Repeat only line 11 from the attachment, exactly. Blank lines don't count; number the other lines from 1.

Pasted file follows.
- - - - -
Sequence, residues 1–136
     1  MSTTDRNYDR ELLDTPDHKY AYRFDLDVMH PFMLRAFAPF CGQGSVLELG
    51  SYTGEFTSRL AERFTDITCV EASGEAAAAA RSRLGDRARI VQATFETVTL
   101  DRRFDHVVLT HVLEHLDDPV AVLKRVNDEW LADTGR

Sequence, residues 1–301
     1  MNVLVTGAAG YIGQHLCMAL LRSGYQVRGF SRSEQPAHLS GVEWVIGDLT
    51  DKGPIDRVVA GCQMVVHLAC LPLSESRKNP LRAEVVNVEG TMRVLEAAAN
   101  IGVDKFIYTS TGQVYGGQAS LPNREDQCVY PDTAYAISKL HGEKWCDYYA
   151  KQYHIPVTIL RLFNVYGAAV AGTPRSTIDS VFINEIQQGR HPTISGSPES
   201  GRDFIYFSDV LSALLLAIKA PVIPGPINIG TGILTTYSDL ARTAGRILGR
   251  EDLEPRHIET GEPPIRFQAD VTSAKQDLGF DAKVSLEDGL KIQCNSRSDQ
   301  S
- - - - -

   251  EDLEPRHIET GEPPIRFQAD VTSAKQDLGF DAKVSLEDGL KIQCNSRSDQ